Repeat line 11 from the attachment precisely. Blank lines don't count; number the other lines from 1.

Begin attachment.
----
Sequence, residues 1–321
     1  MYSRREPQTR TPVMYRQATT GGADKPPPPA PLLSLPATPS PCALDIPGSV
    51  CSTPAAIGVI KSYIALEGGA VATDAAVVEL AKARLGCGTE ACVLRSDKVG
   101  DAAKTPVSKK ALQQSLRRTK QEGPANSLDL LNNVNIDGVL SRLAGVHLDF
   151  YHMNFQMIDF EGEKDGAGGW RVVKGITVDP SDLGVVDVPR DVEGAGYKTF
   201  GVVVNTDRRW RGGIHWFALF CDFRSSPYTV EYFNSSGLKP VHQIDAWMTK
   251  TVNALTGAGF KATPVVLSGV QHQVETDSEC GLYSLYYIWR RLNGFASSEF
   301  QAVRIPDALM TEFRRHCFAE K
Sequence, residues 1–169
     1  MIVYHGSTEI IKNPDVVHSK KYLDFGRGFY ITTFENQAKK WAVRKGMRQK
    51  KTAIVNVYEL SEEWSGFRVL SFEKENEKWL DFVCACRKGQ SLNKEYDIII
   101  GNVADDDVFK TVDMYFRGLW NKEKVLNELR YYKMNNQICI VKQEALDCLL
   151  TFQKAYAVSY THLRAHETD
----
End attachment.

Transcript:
    51  KTAIVNVYEL SEEWSGFRVL SFEKENEKWL DFVCACRKGQ SLNKEYDIII